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Related Articles Chasing Rainbows How to Maximize Immunofluorescence Multiplexing Cutting crossover Unsticking Staying bright User: Pok Man Mendy Chan, Mount Sinai School of Medicine, New York The project: Studying expression of G-protein coupled receptors in striatal neurons and their involvement Parkinson's disease. The problem: Metabolically active tissue from postmortem brains in Chan's studies shows high levels of background fluorescence. The s

Melissa Lee Phillips
Dec 1, 2007

User: Pok Man Mendy Chan, Mount Sinai School of Medicine, New York

The project: Studying expression of G-protein coupled receptors in striatal neurons and their involvement Parkinson's disease.

The problem: Metabolically active tissue from postmortem brains in Chan's studies shows high levels of background fluorescence.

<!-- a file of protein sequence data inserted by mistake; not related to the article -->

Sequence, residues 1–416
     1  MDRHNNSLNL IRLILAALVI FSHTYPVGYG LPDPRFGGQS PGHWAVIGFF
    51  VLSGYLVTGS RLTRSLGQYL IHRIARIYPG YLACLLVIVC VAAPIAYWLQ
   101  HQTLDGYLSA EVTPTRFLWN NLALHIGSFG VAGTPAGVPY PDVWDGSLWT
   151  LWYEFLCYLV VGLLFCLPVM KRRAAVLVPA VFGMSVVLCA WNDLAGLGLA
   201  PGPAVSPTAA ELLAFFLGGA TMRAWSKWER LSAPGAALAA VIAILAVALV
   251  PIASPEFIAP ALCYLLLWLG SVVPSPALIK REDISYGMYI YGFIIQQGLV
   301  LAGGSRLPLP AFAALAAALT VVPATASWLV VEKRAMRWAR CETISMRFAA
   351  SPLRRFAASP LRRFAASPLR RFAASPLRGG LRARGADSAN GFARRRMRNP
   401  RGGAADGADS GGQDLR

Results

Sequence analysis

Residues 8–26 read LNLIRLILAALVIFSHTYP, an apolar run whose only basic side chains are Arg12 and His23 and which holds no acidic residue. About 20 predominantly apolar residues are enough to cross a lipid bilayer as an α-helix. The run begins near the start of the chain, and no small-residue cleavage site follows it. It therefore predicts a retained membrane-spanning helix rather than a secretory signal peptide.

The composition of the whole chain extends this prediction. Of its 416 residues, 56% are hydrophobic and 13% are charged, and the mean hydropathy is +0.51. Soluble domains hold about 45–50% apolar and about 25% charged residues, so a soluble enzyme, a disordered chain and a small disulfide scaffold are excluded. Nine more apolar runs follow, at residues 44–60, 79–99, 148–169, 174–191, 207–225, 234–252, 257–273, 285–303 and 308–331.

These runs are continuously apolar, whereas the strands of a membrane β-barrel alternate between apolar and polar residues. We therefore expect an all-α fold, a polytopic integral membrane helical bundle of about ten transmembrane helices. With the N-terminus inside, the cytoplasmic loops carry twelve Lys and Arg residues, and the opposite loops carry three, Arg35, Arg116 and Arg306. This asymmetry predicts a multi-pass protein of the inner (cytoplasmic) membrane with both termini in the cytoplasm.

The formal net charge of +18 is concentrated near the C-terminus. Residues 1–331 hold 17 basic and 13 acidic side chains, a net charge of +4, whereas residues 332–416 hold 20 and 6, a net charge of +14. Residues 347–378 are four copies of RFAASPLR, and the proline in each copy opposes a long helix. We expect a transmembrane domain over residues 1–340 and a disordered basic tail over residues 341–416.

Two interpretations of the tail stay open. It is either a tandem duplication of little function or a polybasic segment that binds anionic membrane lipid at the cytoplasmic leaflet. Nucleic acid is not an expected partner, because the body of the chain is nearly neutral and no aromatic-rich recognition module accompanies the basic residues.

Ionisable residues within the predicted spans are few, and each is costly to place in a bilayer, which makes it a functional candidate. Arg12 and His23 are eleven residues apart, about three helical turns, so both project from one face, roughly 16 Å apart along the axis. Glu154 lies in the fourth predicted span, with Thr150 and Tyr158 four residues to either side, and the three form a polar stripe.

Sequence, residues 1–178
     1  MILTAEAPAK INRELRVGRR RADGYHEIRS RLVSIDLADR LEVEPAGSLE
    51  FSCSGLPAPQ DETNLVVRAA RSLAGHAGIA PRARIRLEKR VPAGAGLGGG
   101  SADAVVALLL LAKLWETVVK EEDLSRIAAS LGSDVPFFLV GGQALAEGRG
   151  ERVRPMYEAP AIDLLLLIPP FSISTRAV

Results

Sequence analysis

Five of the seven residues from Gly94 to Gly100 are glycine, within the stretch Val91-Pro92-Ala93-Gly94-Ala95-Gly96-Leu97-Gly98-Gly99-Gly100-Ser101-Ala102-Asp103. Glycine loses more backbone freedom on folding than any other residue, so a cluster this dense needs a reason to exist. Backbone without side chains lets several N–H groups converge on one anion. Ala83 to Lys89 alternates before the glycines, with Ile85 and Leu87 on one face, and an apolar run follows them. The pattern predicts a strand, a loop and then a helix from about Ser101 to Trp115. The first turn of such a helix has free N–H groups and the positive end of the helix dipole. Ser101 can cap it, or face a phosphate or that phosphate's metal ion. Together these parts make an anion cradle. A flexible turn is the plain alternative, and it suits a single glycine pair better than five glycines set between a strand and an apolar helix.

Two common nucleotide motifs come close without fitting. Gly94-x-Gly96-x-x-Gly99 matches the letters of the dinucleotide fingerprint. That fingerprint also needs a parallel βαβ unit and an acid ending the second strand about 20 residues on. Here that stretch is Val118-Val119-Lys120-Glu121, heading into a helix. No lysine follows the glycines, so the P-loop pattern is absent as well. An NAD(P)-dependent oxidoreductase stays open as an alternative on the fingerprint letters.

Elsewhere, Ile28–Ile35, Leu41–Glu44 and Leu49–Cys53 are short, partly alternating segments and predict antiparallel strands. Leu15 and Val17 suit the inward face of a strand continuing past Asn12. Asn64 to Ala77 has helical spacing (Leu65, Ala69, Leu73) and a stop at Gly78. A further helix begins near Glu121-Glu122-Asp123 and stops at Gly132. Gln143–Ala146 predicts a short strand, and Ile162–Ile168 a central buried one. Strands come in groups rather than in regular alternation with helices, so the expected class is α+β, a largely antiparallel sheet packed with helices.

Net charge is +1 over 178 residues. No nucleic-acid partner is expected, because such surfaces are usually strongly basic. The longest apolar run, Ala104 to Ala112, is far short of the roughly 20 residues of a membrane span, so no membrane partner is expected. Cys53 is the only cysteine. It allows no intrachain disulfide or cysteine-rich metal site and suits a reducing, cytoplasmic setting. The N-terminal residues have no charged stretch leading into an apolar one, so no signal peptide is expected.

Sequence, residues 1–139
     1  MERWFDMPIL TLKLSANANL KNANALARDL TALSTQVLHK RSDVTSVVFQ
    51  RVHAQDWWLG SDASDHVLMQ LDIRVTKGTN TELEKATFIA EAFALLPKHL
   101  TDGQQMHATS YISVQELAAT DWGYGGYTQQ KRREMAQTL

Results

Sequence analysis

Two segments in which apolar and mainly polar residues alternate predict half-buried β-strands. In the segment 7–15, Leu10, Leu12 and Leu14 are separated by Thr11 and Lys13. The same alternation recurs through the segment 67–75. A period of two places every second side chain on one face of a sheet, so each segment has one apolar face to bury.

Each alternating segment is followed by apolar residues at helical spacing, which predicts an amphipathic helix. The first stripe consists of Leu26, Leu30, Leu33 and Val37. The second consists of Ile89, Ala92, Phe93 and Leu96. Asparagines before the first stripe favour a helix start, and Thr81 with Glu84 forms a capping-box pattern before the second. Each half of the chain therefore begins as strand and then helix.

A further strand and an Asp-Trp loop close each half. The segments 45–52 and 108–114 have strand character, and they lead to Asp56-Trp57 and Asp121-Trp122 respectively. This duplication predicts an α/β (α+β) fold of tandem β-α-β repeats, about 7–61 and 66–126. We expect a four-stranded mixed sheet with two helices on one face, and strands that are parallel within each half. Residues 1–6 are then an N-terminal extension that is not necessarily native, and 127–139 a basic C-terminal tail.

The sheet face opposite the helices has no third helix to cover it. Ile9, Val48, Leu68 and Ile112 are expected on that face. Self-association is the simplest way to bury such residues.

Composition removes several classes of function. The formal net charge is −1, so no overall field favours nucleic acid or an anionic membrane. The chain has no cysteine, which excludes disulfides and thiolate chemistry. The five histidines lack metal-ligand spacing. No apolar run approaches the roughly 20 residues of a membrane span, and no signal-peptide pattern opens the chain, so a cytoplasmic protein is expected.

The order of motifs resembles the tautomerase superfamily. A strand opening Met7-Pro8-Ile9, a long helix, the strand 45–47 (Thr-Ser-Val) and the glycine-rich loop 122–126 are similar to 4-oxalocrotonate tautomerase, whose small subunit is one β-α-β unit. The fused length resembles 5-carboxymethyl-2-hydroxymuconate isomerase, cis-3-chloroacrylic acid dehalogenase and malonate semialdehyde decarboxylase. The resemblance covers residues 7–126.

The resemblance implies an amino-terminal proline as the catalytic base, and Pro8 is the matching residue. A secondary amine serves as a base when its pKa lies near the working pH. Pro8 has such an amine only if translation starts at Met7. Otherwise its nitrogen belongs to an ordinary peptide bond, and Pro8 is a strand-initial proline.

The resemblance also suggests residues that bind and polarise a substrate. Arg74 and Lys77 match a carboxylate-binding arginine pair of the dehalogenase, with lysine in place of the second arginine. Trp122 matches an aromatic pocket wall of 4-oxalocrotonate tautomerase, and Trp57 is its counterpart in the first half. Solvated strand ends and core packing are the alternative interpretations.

The solution: To examine coexpressed receptors at the single-cell level, Chan chooses as many as four dyes (Invitrogen, Carlsbad, CA) with nonoverlapping spectra, then fits in quantum dots (Evident Technologies) between dye-emission wavelengths for a maximum of eight colors per experiment. Because of their brightness, dots stand out against autofluorescence much better than dye, says Chan. Brightness is also advantageous when working with low-quality tissue such as tumor samples, says Sealfon. When using dots alone, he notes, the background can be bleached out with light exposure, he says. While organic dyes...

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